The University of Toyota’s School of Retail Professional Development (SRPD) looked at several approaches when it wanted to step up its cost-recovery approach. One strategy was to create a plan that substantially increased the number of students in each of its more than 2,100 classes held annually around the country. The math was simple: More students at $295 each per class with little additional cost equaled a big gain. At the time, March 2003, SRPD was teaching or coaching nearly 25,000 staff or retail dealer “students” from the ranks of Toyota, Lexus and Scion. It came out to about 11 students per class. The goal was to increase that number to 15.
The first thing the team did, led by Brian Campana, Sales and Marketing manager, was create a plan and then travel the country making in-person presentations to Toyota’s 12 regional offices. “The regions are the gatekeepers,” Campana said. “We communicated with them the details of the program we came up with and how it was a win-win for everyone. We explained what we wanted to do, how we wanted to increase attendance and how they could benefit from it, not only with more educated dealership employees, but with rebates back to them.”
The monetary reward system was a strong incentive for the regions. But before the earnings could be counted, SRPD had to create a measurement system by region. This system kept track of all the students attending. The ultimate goal: Each region had to hit a minimum of 15 students in each class. For a sales-oriented company, it was a piece of cake—a mere four-person increase per class. With more than 2,100 classes held each year, an additional four students could add up to considerable incremental recovery—roughly $2 million. The only additional cost per student was a $30 lunch and $45 in materials.
SRPD estimated that it could expand classroom size to as many as 27 students without loss of educational quality. Beyond 27 students, quality would degrade. So, the group instituted a plan where the regions were penalized for filling the classes beyond the 27-student limit.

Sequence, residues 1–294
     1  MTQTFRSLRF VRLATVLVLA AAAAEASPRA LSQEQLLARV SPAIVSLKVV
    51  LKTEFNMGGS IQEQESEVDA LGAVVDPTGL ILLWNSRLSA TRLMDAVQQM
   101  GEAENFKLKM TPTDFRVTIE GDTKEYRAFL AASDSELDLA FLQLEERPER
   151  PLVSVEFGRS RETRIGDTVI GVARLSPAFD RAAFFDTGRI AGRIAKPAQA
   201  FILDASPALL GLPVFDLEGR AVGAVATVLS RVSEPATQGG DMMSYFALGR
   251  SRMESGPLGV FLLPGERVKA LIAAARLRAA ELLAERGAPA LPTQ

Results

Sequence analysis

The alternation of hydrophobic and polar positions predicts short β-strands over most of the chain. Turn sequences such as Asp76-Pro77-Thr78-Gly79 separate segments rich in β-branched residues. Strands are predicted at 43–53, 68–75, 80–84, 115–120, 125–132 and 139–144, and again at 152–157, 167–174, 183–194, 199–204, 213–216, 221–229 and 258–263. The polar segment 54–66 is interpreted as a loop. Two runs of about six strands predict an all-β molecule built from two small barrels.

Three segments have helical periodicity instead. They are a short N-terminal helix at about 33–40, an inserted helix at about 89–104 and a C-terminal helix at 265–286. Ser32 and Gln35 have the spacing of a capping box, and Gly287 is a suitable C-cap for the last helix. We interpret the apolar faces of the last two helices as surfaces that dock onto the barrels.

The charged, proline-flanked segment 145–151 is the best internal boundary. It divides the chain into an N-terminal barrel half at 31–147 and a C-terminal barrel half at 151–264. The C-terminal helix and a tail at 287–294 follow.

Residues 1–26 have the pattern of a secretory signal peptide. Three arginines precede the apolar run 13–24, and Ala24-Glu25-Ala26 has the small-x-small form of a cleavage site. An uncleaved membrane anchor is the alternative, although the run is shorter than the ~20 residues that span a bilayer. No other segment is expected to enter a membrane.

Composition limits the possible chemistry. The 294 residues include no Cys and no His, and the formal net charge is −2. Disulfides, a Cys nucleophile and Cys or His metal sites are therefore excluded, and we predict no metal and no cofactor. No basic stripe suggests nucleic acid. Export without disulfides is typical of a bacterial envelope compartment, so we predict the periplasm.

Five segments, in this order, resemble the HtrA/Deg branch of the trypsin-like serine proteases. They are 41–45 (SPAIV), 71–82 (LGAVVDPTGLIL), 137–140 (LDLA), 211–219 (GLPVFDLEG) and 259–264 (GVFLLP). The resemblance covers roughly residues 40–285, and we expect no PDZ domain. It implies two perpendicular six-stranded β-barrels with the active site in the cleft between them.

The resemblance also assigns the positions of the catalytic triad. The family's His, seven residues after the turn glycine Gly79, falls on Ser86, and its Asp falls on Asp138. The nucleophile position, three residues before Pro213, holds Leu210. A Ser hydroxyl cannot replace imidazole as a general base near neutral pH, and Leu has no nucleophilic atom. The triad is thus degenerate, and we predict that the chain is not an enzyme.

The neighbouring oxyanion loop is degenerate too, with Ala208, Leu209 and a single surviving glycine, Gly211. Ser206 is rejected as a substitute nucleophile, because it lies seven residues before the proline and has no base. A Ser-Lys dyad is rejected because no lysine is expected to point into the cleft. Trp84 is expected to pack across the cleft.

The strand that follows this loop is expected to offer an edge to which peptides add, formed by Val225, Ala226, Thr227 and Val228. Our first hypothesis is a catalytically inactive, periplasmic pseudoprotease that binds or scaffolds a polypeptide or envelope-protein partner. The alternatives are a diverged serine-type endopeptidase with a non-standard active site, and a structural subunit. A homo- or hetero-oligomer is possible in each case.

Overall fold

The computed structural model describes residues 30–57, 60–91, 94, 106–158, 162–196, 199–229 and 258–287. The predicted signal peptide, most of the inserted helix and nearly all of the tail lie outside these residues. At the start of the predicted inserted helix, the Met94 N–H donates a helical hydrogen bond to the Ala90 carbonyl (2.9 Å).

It was the “share the wealth” program that really made the plan work. If classes had 15 or more students, SPRD paid a reward. If there were less than 15, the regions paid SRPD. Those regions that achieved or exceeded their student enrollment goals received (and still receive) rebates, which they could do with as they pleased, including giving dealer incentives, throwing dealer recognition events or sponsoring more education.
With the contest in place, the competitive spirit kicked in among the different regions. The results were extraordinary. All SRPD had to do was communicate the results monthly. Some regions earned more than $100,000 in the first year. That got everyone’s attention. Communication throughout the program was the key to success. SRPD presented the program in a way that made sense and was easy for the regions to get behind. They saw monthly reports, which regions were doing what and how this added greatly to the program.
After tracking and rewards, the third component of the program was to create a way to allow regions to deliver small-size classes to the rural outlying markets without fear of hurting their rebate status. The answer was to average attendance over a 90-day period. For example, if the Kansas City region wanted to hold a class in Des Moines with only seven students, it would make sure that it also held a corresponding class in a metro area with 23 students. The average of 15 students would put the region in a rebate situation.
Results were beyond expectations. Last year, the program saw a per-class student increase of eight additional students, or nearly 20 students per class. It translated to 19,125 more students in total last year at $295 each. It meant $5.6 million incremental revenue dollars to SRPD. The incremental cost for student lunches and materials was $1.4 million. In the end, SRPD recovered more than $4 million beyond forecast.
The organization learned something along the way, too. More millions were coming in than expected, but it’s not about the recovery gain, it’s about being able to offer more to customers for less. As a result, SRPD recently lowered the price of courses to dealers to $265 and $195 for all sales-related personnel. The extra income also went to many unfunded SRPD development projects and toward the launching of the new University of Toyota Online Web-based e-learning system.
Cost-recovery-consciousness is spreading, too. Last year, total aggregate cost recovery for SRPD was 60 percent. This year, the goal is more than 80 percent. Next year, the bar will be even higher. The bottom line is simple to figure. With extra income coming in from the recovery stream, SRPD has a business model that delivers as much education and training as anyone wants. In the past, the organization was always parsing scarce resources. Now, it can say yes to whatever quantity customers want in training. That’s a major change, and that makes the program worth doing.
Bob Zeinstra is associate dean for the School of Retail Professional Development at University of Toyota. Bob can be reached at firstname.lastname@example.org.Filed under: Measurement, Technology